EFFECT OF A MAGNETIC FIELD ON THE PROTONS

 

As protons (spins) are spinning electrically charged particles, they behave as small magnets generating a magnetic field called a magnetic moment. This is represented by a magnetization vector "μ".

When the protons are placed into a magnetic field (Bo), they abandon their random orientation to align with it. But protons will resist the torque exerted by the magnet and rotate around the Bo field like a toy top that wobbles as it spins. So the magnetic vector (μ) describes a double cone at a rate frequency called precession frequency or resonance frequency (wo). It is proportional to the main magnetic field (Bo) and to the gyro-magnetic constant for each nucleus (g). Thus: wo= gBo

For biological tissues subjected to a field of 0.5 T the wo is 21.25 MHz, for 1T it is 42.5 MHz, and for 1,5T it is 63. 75 MHz.

The magnetization vector (μ) can be decomposed into two components: a longitudinal component (LM) and a transverse component (TM).

According to quantum mechanics, protons can have only two energy states at any given point: a low level of energy (parallel state) and a high level of energy (anti-parallel state). The magnetization vector of the parallel protons points in the same direction as the main magnetic field (Bo), and the magnetization vector of the anti-parallel protons points in the opposite direction. The separation between the two energy levels, parallel and anti-parallel, is proportional to Bo, being three times higher in a 1.5 T field than in a 0.5 T field. Consequently, the signal is better in a higher magnetic field.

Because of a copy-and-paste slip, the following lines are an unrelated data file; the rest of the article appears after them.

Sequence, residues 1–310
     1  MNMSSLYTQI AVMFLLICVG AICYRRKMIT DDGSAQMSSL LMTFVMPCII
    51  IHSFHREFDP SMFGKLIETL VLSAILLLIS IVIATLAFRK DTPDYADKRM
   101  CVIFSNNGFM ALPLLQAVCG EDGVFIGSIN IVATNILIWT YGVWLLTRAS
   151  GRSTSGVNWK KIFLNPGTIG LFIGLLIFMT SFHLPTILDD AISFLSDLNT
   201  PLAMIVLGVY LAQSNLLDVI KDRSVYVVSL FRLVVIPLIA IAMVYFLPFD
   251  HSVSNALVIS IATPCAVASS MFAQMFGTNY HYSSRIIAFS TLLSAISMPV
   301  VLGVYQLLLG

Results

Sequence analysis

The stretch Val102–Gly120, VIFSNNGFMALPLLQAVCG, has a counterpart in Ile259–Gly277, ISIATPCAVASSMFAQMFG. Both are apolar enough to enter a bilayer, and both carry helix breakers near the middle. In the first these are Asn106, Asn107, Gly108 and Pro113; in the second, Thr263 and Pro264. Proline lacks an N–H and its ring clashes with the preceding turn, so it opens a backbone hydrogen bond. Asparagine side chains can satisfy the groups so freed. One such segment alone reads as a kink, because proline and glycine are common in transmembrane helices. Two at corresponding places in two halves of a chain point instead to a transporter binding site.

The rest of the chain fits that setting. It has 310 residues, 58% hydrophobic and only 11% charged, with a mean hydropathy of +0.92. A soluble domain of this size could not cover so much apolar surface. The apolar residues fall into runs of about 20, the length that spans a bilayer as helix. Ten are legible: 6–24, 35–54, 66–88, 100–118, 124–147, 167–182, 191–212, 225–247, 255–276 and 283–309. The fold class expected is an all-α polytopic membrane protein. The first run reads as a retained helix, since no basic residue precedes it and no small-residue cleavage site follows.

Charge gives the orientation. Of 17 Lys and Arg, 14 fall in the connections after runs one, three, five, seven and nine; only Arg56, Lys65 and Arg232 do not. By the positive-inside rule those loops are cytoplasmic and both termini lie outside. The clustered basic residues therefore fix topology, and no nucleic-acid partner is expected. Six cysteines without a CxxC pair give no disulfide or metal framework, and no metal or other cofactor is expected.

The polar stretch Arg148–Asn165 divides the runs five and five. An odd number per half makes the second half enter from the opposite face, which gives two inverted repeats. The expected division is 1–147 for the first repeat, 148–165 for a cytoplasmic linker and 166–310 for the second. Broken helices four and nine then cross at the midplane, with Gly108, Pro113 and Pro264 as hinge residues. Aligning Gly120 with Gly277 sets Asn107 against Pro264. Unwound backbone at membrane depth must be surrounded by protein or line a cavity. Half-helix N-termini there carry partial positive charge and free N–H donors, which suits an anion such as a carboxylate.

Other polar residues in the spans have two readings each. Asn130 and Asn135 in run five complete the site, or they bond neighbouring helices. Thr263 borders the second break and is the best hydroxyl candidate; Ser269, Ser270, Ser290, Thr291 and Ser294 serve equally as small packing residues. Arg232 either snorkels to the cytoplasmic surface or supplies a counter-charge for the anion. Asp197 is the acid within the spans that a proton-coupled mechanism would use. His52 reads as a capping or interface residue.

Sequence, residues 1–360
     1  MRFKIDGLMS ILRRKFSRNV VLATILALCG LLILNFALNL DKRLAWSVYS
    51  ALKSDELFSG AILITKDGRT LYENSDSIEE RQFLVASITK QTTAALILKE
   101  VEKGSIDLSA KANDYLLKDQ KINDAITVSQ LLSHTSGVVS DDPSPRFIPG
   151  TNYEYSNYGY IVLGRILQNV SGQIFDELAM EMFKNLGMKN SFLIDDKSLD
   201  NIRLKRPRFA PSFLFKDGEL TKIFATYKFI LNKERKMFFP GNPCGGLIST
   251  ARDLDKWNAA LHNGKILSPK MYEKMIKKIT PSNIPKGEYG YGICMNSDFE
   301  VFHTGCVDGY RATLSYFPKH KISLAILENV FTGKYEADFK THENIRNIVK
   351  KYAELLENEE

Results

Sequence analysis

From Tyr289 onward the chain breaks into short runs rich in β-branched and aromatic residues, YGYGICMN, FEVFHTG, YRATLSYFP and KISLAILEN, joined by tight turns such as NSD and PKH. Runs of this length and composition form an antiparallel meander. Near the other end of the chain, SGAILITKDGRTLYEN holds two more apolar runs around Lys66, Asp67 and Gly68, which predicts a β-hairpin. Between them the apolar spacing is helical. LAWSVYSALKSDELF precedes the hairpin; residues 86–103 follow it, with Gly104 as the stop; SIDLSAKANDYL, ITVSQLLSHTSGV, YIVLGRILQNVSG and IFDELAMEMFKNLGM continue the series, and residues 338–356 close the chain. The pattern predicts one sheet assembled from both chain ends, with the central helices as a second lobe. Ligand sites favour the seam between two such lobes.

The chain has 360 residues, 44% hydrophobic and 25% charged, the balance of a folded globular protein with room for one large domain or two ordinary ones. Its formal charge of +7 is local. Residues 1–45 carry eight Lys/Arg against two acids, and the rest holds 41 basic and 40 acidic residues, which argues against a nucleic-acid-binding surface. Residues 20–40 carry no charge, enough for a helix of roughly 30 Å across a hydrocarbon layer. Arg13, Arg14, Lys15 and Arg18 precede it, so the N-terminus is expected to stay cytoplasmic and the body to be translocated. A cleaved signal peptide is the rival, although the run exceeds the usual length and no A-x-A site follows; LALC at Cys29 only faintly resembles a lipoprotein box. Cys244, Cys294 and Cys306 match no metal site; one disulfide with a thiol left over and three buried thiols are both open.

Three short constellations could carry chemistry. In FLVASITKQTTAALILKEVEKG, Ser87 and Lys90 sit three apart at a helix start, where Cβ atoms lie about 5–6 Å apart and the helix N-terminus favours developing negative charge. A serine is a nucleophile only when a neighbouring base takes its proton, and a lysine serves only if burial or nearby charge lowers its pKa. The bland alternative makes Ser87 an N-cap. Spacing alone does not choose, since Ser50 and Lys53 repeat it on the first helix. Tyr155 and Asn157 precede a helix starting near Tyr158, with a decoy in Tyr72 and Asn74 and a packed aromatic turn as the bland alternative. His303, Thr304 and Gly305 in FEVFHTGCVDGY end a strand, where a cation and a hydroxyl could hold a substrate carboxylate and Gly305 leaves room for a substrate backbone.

The spins or protons are continuously oscillating between these two states of energy and tend to equilibrium. But there is always an excess of parallel protons (for a field of 0.5 T, there are 2 protons per million). If there were two million protons, they would be distributed as follows: 1 million parallel, 1 million anti-parallel and an excess of 4 parallel protons. This excess of parallel protons causes a macroscopic magnetization vector called M. When an electromagnetic wave (RF pulse) with an energy similar to the difference between these two states of energy is administered, it is possible to force a transition from the low state of energy to the high state and to modify the direction of the magnetization vector M. When half of the parallel protons have moved from a low energy level (parallel) to a high energy level (anti-parallel), the longitudinal component of the magnetization vector (ML) disappears. Only in the case of all the protons passing to a high energy level, will the longitudinal magnetization component   reverse to negative (-ML).